Tsiki & Ran
Interview: Vassilis Bonios | Photo: Stavros Niflis
If you have one euro for promotion,
put 50 cents for promoting the island as a destination
When did you first come to the island? How did you end up in Paros?
Actually, we first came to the island in November 1999. We planned to visit many islands and we started in Paros. After three days, we decided we liked it here. So we bought the land, it took us a long time to build and eventually we opened in October 2004.
How did you come up with the idea of Tao’s? What is Tao’s philosophy?
Tao Te Chin is a book written by Lao Tse.
Taoism is a philosophy, it’s not a religion.
There is no practice in Taoism, no rules, just a kind of understanding that we should be more modest and that we are part of something bigger. There are taoistic people on this island that have never heard the name of Lao Tse. Heraclitus, the Greek philosopher, says that you cannot dip in the same river twice. Everything changes, you have only this moment. The past is dead already, the future hasn’t happened yet.
Anyway Tao’s is just a name and we try to give it a content. More specifically we try to give an experience of body and mind.
Tsiki, what is your philosophy? What has life taught you?
Well, I am still learning. And I think lately I realise what I always knew. We are looking for something that we already have. Knowing who you are, being happy with what you have. I think that for me it was always clear that I am the one responsible for my well-being and my mood. This has nothing to do with the facts, it’s only about me.
Ran, what has life taught you? What’s your philosophy?
Everybody tells you what is bad in life and what is good. Like there is an alternative. This is life and you have to live it. Your only obligation is to find in yourself your true talent and give it out.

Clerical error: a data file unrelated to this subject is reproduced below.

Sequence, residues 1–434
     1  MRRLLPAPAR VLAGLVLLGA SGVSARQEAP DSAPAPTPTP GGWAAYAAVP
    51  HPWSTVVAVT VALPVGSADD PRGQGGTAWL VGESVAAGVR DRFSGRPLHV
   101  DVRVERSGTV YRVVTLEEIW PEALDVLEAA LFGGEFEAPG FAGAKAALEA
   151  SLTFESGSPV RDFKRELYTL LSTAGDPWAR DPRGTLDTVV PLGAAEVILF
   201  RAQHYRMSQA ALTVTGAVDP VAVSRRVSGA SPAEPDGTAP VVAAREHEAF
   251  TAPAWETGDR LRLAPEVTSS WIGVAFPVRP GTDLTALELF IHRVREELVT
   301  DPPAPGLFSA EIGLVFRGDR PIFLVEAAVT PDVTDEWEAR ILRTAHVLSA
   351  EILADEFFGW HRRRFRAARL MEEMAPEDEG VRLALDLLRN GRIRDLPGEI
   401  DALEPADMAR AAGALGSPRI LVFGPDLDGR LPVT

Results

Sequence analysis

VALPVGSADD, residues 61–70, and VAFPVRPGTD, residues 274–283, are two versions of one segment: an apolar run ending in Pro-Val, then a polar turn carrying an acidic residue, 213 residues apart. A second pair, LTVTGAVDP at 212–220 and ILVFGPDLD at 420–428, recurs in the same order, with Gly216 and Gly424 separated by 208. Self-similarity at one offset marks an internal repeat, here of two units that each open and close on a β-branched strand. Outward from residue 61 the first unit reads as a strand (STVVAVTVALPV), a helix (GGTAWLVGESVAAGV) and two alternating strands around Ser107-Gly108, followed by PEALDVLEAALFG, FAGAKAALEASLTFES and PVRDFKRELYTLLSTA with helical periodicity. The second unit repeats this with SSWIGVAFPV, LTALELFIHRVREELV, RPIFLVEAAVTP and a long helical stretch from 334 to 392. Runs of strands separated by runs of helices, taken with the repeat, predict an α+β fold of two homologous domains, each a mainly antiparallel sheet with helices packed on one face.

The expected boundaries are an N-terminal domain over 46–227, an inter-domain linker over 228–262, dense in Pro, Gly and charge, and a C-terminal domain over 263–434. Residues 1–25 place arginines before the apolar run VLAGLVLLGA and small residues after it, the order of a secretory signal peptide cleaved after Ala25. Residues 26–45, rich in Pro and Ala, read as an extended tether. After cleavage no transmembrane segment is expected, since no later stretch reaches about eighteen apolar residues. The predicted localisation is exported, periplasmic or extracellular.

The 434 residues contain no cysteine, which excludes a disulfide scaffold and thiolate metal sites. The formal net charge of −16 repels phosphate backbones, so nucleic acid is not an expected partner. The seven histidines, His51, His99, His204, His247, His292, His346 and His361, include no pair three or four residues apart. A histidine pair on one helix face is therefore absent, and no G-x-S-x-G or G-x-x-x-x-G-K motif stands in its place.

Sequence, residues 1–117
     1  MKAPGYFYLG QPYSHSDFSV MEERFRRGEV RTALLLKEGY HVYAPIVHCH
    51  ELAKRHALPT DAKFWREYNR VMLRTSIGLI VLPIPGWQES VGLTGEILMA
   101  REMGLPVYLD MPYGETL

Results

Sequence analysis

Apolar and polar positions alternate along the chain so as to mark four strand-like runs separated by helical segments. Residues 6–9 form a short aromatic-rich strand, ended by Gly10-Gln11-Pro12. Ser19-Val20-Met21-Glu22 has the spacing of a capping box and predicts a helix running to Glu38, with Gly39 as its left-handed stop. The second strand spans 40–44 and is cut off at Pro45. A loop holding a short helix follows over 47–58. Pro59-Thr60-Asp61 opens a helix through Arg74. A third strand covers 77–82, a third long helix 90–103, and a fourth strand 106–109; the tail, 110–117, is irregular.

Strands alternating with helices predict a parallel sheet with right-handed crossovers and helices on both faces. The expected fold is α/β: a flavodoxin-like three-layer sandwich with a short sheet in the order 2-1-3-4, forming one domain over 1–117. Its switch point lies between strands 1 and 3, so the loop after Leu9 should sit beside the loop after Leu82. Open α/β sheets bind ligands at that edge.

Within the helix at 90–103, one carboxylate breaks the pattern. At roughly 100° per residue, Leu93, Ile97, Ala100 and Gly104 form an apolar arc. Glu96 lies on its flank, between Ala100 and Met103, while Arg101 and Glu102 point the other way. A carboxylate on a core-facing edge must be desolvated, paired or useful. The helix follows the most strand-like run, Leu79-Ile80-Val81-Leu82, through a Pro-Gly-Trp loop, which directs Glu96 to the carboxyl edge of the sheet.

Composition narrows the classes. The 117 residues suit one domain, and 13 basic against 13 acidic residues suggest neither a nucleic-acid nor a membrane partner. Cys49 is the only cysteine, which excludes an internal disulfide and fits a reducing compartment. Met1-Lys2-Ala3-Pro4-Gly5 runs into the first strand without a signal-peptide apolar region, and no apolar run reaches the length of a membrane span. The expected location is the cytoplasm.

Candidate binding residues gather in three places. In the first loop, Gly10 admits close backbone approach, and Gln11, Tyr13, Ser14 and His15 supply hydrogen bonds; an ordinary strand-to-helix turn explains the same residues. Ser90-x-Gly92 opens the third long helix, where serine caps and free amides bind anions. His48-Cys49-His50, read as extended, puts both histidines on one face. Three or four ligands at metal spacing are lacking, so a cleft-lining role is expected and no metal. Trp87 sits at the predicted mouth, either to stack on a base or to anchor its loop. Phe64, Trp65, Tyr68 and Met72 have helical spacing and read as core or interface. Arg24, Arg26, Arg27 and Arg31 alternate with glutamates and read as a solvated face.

How do you spend your winters in Paros?
I read many books and plan next season. We have to work a lot in advance. But we are taoistic, we can wait.
Do you travel abroad? What’s your favourite destination?
Before I came to Paros, I used to travel a lot. But since I came here I lost the will to travel. Once a year I travel to Israel for family reasons.
What is happiness?
Happiness is that inner feeling that you do the right thing. Happiness is not a cocktail with umbrellas.
How do you get along with the local society of Paros?
Very well, actually. We made this place open from the beginning and we chose not to make a hotel here, our restaurant offers Asian cuisine, so we didn’t get into competition. The people who come to Tao’s are often people who haven’t been to the island before and I like to think that we do something for the island. Our children go to school here, they have friends. I feel safe here. I like the people of Paros, they don’t cheat.
What would make Paros a more attractive destination?
When people think of Paros, they think of the archaeological riches and water sports. I want people to think also of wellness and well being and green energy and organic food and yoga and self development and music and art. Paros is perfect. There is water, we are having the new airport. The potential is enormous. The set is here, we are the directors; we can do what we like.
What’s missing from the basic infrastructure of Paros?
Fast and stable internet. Bicycle and walking routes around the island.
Do you worry about what’s happening in Greece today?
Not so much. I am optimistic. What is happening now can be a great opportunity, because for the first time in modern history it is so clear that we can only depend on ourselves.
What is your advice to the Greeks?
How can you give advice to the Greeks? It’s impossible! (laughs). Trust your true Greek identity. Don’t try to be somebody else.
I want to add this. In this crisis we are all in the same boat. It’s not your hotel against mine, it’s not my restaurant against yours. If you have one euro for promotion, put 50 cents for promoting the island as a destination.